Abstract

Complications of atherosclerosis are the most common causes of death in Western societies. The knowledge that atherosclerosis is an inflammatory disease and coagulation affects the disease’s complications offers new opportunities for prevention and treatment. Population studies demonstrated that the risk for myocardial infarction is reduced by 80% among hemophilia A (HA) men compared to age and gender-matched controls. However, early atherosclerotic lesions were readily identified in small cohorts of adults HA and hemophilia B (HB) by ultrasonography of carotid and femoral arteries in a similar fashion to male controls. Here we sought to determine the role of FVIII and FIX on the development of atherosclerosis in two different mouse models. We compared a group of FVIII (HA) or FIX deficient mice (HB) lacking the low-density lipoprotein receptor (LDLR−/−) or apolipoprotein E (apoE−/−) with hemostatically normal littermate controls lacking either LDLR (LDLR−/−) or apoE (apoE−/−). All mice were on C57Bl/6 background and all groups were matched for gender and age. When mice were 8 weeks old, they were placed on atherogenic diet. Analyzes of whole aortic (Sudan IV staining) or aortic sinus (Oil Red O) revealed that HA/apoE−/− mice exhibit less atherosclerotic lesions in a time-dependent manner. At weeks 22 (n=9) and 37 (n=9), the rate of atherosclerosis was 2-3-fold lower in HA/apoE when compared to age and gender-matched apoE (−/−) control group (p=0.001, and p<0.001, respectively), but not at week 8. In contrast, no differences were noted in the rates of vascular lesions between HA/LDLR(−/−) (n=9) and controls (n=9) at all time points. Overall, HB/LDLR (−/−) developed atherosclerosis lesions at aortic sinus with similar rates as the controls at 8 and 22 weeks. However, at week 37, these mice exhibit more extensive tissue damage than the control (p=0.02). Surprisingly, the analyses of whole aorta revealed that atherosclerotic area was more wide-spread in FIX deficient mice in both models, i.e. HB/apoE(−/−) and HB/LDLR(−/−), compared to matched controls. At week 22, 16% and 11% (p=0.04) of the aorta (HB/LDLR[−/−] vs LDLR[−/−]) was covered by atherosclerosis, whereas the rates were 37% vs 21% (p=0.001) at week 37. Moreover, in the apoE(−/−) model the lack of FIX enhances the vascular lesions (14% vs 7%, p=0.02 at week 22) and (36% vs 22%, p=0.04 at week 37). In another model, we tested whether male transgenic (Tg+) mice for high levels of human FIX (∼ 200% of activity above the normal) would influence the development of atherosclerotic lesions in the apoE(−/−) model. After 20 weeks, the rates of arterial vascular lesions were not different among Tg+FIX mice and controls after weeks 20 or 40 on atherogenic diet. In addition, Tg+FIX mice kept on regular chow diet up to 52 weeks showed no enhanced atherosclerosis but they presented high risk for venous thrombosis, as documented in 3/6 Tg+FIX mice and none of controls (0/6). These data demonstrate that coagulation activation in atherogenesis exhibits a rather heterogenous role in the disease evolution which suggest that clotting factors may have functions other than hemostasis in the development of vascular disease. Further studies in hemophilia B subjects are warranted to define the FIX effect on the onset and progression of occlusive vascular disease which may raises concerns on the onset cardiovascular risks on an aging hemophilia population.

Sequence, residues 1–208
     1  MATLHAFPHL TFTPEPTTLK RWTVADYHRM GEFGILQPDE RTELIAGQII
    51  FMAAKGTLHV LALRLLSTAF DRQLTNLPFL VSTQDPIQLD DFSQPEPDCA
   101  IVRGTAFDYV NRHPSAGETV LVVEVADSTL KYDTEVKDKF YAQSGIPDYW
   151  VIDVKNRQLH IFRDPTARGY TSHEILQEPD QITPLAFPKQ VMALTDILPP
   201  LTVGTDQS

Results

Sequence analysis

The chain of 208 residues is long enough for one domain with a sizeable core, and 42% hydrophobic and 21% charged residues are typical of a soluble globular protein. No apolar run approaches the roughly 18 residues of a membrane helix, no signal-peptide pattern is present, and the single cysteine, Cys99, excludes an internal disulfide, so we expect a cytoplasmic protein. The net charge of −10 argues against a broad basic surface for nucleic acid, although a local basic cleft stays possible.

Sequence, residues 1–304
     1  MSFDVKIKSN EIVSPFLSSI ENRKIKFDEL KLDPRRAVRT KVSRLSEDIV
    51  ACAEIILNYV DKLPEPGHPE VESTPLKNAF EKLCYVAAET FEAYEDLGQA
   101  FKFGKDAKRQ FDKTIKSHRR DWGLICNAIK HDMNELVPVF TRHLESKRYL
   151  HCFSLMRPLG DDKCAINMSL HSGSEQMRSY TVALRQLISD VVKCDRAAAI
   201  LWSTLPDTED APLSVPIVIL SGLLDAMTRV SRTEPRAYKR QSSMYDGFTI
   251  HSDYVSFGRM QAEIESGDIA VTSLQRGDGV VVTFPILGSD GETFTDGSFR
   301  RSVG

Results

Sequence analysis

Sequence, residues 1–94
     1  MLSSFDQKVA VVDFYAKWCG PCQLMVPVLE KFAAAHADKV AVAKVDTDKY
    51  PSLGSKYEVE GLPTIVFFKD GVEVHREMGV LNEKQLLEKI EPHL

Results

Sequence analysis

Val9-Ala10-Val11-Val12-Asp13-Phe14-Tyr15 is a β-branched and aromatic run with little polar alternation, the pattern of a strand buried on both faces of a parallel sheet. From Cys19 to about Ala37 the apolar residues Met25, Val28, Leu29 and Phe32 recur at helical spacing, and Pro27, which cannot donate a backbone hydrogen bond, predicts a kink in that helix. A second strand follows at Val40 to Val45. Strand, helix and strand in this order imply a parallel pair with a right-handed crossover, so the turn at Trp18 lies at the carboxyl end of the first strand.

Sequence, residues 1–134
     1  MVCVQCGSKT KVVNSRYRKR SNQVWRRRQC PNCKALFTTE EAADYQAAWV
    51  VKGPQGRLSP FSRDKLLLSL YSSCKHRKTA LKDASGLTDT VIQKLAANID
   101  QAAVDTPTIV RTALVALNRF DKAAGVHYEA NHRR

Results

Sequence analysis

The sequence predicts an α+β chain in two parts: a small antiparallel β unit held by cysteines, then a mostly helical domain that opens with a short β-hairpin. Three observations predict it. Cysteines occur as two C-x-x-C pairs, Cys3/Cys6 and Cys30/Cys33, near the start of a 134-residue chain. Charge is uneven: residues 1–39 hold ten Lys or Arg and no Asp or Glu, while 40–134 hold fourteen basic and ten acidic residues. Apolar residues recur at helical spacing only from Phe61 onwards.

Author notes

Disclosure: No relevant conflicts of interest to declare